Estimated Shipping is a good UX tool that helps you set customer expectations about pricing. Even so, if the Cart is too slow you can push this information one step further – towards the Checkout. This move will lift some burden off the server if your Cart is overloaded with functionality and you can’t balance it right.
DevDocs for Magento 2.3 tell us that in order to customize Checkout steps, you have to change checkout_index_index.xml (do it through custom module override, don’t change Magento Core directly). In our case, we want to get rid of a specific Knockout component inside the cart shipping block.
According to DevDocs, you can disable Knockout components by passing the componentDisabled option into their config section using layout instructions, it looks like this:
<item name="%the_component_to_be_disabled%" xsi:type="array">
<item name="config" xsi:type="array">
<item name="componentDisabled" xsi:type="boolean">true</item>
For our needs, the instructions will be:
<argument name="jsLayout" xsi:type="array">
<item name="components" xsi:type="array">
<item name="block-summary" xsi:type="array">
<!-- My custom part: -->
<item name="config" xsi:type="array">
<item name="componentDisabled" xsi:type="boolean">true</item>
In addition to checkout_index_index.xml, you need to remove or comment the following lines located in checkout/cart/shipping.phtml. Since it’s a bad idea to directly change Magento internals, you need to override this template file in your custom module/theme and remove the lines there. Without this step you’ll still see the header of a now obsolete block:
<div class="title" data-role="title">
<strong id="block-shipping-heading" role="heading" aria-level="2">
<?php /* @escapeNotVerified */ echo $block->getQuote()->isVirtual() ? __('Estimate Tax') : __('Estimate Shipping and Tax') ?>
All done? Good job. One less thing to worry about.
It sounds obvious but this tip offers a noticeable performance improvement. Apparently, Magento constantly checks for cart price rules before showing you the final amount. Naturally, a busy online store will have dozens of unused rules which slow down Magento Cart and Checkout speed.
Cleaning up all unused active rules offers a nice performance boost to both the Cart and Checkout. Just disable them and you are done here. Make sure you flush Magento cache to see the improvements.
Upgrading to a better Magento hosting can massively help you out but if you’ve done everything else here and still don’t see improvement, look closely at your database.
Over time, reading these massive databases and adding new entries becomes slower and slower. One of the solutions is to backup and truncate the tables. This solution works best for larger stores with millions of entries that don’t hold a lot of value anymore.
Truncate and optimize the following database tables:
Magento extensions that affect Add to Cart functionality, Magento Shopping Cart price rules, catalog rules, or add custom product options can severely slow down your Magento Cart.
There are two approaches you can take here. The hard one is to attempt to optimize the custom Magento extension that interferes with the Cart performance. Reviewing and refactoring the code you have never seen before is not a trivial task even for an experienced developer.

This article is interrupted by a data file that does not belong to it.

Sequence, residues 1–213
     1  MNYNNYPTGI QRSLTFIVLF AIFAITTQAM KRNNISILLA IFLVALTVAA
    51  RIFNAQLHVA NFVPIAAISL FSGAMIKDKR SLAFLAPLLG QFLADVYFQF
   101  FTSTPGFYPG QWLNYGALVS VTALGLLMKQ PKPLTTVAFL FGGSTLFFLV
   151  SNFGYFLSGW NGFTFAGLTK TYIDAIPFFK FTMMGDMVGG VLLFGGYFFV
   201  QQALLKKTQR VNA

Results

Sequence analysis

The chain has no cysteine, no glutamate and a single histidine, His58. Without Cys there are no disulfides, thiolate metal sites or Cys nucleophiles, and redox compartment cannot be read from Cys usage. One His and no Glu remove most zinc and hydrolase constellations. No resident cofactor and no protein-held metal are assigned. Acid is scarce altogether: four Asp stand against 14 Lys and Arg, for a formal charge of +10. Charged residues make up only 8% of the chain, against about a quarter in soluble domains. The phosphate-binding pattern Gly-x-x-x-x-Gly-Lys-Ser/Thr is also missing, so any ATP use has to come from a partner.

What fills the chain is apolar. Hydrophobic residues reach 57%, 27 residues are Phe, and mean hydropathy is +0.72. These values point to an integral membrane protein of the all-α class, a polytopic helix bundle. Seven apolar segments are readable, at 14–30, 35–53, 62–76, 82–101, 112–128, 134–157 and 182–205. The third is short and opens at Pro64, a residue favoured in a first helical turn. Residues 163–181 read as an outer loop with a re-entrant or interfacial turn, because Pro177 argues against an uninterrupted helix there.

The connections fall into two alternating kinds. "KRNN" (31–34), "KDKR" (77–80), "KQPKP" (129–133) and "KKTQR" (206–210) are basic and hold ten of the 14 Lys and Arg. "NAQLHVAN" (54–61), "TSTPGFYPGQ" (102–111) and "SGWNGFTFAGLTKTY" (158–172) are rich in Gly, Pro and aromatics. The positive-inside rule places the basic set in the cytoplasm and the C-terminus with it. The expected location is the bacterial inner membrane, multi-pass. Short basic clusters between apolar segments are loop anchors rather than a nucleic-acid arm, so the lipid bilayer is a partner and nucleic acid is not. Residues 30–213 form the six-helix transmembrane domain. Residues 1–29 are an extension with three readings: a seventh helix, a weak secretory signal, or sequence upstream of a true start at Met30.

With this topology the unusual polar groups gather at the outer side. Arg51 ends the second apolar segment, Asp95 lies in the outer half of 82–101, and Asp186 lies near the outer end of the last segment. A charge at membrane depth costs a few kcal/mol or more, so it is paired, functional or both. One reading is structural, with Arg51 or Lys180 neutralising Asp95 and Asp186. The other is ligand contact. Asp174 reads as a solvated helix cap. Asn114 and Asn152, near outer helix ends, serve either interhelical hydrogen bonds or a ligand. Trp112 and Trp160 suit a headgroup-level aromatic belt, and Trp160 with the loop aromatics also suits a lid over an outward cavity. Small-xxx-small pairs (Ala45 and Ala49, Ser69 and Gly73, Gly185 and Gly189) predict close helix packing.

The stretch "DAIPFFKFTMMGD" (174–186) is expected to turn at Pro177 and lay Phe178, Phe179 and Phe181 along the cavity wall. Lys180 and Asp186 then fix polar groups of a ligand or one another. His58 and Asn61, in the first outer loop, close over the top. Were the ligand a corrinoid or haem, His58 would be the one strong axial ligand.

If you have the option, just disable the extension in question and look for alternatives that don’t affect your Cart performance as much. After all, this extension can’t be the only one on the market.
Getting rid of complex pricing rules that you don’t use inside the store will help you alleviate some pressure off the Shopping Cart. When the system doesn’t need to check for an additional value in the database, this time can be spent on the actually important stuff.
One of these values people rarely use is MAP (Minimum Advertised Price). It’s a vital feature for some stores that can’t legally advertise a price that is lower than a price recommended by the manufacturer (commonly known as MSRP).
Anyways, most stores don’t need this feature and you can safely turn it off at Stores > Configuration > Sales > Sales.
Let’s return to the theme of profiling once again. You need to carefully examine what happens when the user clicks Add to Cart. Some of the slowdowns are easier to catch using New Relic, Blackfire, and similar performance monitoring applications than Magento Profiler.
For example, in one of our cases, a third-party analytics module sent curl requests upon adding new products to the Shopping Cart. As you might expect, this additional heavyweight event significantly slowed down the cart for the users. We got rid of the slow-down effect only after properly rewriting these requests.
While you are investigating your Cart performance, bear in mind that a slow Magento Add to Cart functionality can have multiple origins. Even once your cart is working smoothly you can make sure to set up an abandoned cart flow to capture as many of those conversions as possible.
We’ve listed the 9 most common solutions we use to deal with slow Magento Cart on a daily basis, no matter if your Magento 1.9 add to cart is slow or Magento 2.x. Even though these are quite effective, profiling Magento code for performance is the best way to find out bottlenecks and other speed issues which will be different from site to site.
Implemented all our recommendations and still can’t reach that <1-second performance mark on Magento Cart? Feel free to turn to us for Magento speed optimization services and let’s discuss how you can achieve better Cart performance with a talented team of professional developers.